Like with all cases of donation, a specialist will assess the viability of the organs and make a decision on whether or not they are appropriate for transplant. This decision will take into account the person’s age, but this may not be the defining factor in its approval or rejection.
If I am on the register will I definitely get to donate?
The simple answer to this is no. There is no guarantee that being on the register will mean that your organs will be used. In many cases the speed at which they are able to access the organs, or the nature of your death will be a deciding factor.
However there is no better way to help others in need of organs than by being on the register. So if you do want to make a difference to someone’s life by donating an organ it is vital that you:
- Join the NHS Organ Donor Register
- Tell your family and friends that you have joined the register and want to be a donor so they can support your decision
If you die in circumstances in which mean that you are able to donate, medical staff will consult the NHS Organ Donor Register to find out if you are on the donor list. It is also really important that you speak to family and friends about your wish to be on the register as this will help speed up the process, and make the action of granting final approval less stressful for your loved ones.
What is the law with children donors? Surely a child can’t give legal consent can they? Is it solely down to the guardians of that child?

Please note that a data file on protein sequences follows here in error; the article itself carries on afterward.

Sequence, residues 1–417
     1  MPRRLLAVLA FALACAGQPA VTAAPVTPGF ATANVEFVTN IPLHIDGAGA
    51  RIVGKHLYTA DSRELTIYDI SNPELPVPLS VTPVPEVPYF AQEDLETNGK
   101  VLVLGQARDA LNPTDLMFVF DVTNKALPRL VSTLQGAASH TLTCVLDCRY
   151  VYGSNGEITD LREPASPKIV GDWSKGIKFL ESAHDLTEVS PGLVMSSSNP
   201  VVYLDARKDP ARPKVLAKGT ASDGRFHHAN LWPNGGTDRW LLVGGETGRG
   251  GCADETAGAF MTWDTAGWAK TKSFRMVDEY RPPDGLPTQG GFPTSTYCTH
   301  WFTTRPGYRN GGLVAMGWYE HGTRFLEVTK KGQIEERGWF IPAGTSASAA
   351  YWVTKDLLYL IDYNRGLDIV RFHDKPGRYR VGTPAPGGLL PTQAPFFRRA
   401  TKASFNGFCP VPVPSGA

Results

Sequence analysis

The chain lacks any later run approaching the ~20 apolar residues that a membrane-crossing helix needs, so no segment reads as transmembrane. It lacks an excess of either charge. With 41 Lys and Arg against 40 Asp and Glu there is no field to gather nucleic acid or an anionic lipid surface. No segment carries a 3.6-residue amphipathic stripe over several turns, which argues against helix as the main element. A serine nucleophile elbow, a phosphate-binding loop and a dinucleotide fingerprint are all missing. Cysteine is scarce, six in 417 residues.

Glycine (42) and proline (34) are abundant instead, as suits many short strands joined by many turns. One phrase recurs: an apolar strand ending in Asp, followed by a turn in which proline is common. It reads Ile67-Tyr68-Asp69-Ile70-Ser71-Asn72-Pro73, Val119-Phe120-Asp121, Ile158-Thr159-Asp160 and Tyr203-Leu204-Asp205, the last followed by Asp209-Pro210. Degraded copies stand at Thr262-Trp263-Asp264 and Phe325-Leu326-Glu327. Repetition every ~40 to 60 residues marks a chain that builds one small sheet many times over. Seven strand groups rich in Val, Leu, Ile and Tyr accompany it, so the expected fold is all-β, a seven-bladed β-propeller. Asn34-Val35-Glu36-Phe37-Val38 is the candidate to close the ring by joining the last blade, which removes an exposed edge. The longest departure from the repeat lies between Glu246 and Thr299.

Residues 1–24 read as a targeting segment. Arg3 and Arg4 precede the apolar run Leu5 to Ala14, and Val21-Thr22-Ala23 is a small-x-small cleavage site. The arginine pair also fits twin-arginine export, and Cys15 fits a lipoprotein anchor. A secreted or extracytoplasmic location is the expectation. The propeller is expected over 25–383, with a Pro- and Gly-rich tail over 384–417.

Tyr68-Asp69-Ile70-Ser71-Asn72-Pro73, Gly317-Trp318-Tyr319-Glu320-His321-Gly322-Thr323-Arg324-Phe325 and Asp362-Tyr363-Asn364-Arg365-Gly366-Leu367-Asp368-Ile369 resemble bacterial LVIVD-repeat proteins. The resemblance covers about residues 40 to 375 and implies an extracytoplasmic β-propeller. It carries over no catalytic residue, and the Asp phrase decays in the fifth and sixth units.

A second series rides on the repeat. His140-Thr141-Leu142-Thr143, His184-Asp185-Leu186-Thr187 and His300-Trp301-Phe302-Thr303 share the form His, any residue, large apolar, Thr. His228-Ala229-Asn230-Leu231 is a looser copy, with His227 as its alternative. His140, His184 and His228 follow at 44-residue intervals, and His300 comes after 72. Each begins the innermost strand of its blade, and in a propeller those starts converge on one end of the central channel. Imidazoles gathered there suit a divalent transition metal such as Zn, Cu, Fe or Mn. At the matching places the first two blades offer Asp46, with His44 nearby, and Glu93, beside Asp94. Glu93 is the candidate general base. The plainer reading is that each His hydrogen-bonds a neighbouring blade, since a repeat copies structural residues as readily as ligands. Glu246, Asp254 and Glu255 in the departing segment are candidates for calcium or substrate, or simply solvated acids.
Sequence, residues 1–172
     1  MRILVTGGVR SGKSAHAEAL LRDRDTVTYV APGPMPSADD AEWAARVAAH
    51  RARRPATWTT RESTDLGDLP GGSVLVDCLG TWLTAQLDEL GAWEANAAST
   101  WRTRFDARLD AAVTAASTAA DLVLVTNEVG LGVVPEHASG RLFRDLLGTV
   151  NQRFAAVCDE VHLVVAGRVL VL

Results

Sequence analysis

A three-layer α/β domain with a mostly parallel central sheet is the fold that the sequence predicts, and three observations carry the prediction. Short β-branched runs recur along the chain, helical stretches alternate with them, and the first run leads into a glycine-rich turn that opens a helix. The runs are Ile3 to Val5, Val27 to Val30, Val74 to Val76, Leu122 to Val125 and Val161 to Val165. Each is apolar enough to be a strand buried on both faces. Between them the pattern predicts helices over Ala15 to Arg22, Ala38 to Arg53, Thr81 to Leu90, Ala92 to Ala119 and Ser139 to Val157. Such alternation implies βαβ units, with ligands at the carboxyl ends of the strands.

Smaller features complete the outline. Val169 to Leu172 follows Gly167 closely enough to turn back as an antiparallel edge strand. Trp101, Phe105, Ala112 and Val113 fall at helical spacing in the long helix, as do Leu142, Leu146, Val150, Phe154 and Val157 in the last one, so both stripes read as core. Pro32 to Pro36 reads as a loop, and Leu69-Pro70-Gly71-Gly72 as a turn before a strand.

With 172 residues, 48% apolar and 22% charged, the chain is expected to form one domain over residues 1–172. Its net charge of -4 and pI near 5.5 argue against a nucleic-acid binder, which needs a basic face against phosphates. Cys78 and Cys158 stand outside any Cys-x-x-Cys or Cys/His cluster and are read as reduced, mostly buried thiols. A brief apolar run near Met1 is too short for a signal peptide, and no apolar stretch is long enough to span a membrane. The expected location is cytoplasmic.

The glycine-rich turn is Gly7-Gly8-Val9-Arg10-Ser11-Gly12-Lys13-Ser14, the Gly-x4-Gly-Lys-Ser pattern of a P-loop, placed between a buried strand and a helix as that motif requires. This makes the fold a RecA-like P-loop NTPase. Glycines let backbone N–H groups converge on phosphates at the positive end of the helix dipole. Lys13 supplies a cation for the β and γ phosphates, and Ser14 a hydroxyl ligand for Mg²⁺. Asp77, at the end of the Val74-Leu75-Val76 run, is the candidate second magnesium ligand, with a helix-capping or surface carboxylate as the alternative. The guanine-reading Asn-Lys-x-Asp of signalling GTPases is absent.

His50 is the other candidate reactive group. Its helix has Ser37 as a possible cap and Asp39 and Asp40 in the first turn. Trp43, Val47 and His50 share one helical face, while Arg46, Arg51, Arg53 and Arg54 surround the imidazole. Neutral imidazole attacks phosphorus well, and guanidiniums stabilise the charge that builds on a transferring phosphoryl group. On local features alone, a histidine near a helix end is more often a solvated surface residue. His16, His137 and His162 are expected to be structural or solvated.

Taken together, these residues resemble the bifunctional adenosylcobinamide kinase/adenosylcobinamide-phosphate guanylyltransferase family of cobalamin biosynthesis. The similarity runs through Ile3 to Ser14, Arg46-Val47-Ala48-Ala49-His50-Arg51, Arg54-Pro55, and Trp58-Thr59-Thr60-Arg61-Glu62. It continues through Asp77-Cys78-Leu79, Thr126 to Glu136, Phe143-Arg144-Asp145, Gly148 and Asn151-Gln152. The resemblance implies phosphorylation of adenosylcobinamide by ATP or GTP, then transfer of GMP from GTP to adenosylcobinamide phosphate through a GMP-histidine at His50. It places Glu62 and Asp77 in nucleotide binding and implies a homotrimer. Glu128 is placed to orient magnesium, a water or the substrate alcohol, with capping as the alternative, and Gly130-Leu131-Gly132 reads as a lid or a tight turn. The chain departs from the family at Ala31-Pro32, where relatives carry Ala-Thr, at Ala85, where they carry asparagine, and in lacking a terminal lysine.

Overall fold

Children can be on the organ donor register, however legally this decision is made by the child’s guardians. In Scotland once a child has turned 12 years old they are able to register themselves, but this is 18 in the rest of the UK.
It is a sad reality that children do die, but many find that the power of organ donation can provide some relative comfort as the organs can go on to save the lives of many other children.
If I am on the register will I be asked to donate whilst I am still alive? For example a kidney?
No you will not. Donating an organ whilst you are still alive is a different type of organ donation called non-direct altruistic donation, or living donation. There is a lot of useful information about this on the NHS website.
Is the law around organ donation changing?
From the Spring of 2020, all adults in England will automatically be eligible for donation. This will mean that when they die their organs and tissue will be assessed to see whether they can be used to save someone’s life, and if they can then they will be used for donation.
Currently organ donors need to have directly expressed their intent to donate. This is known as an opt-in system. As of 2020, donation will be an opt-out. This means that unless the individual has directly expressed that they do not want to, or the family objects, then the deceased is automatically opted-into the donation system and the organs can be used to save someone’s life.
There are a number of factors that will automatically exclude someone from the opt-in system. These include people under the age of 18, people who do not have mental capacity, visitors to the UK, and people who have lived in the UK for less than 12 months.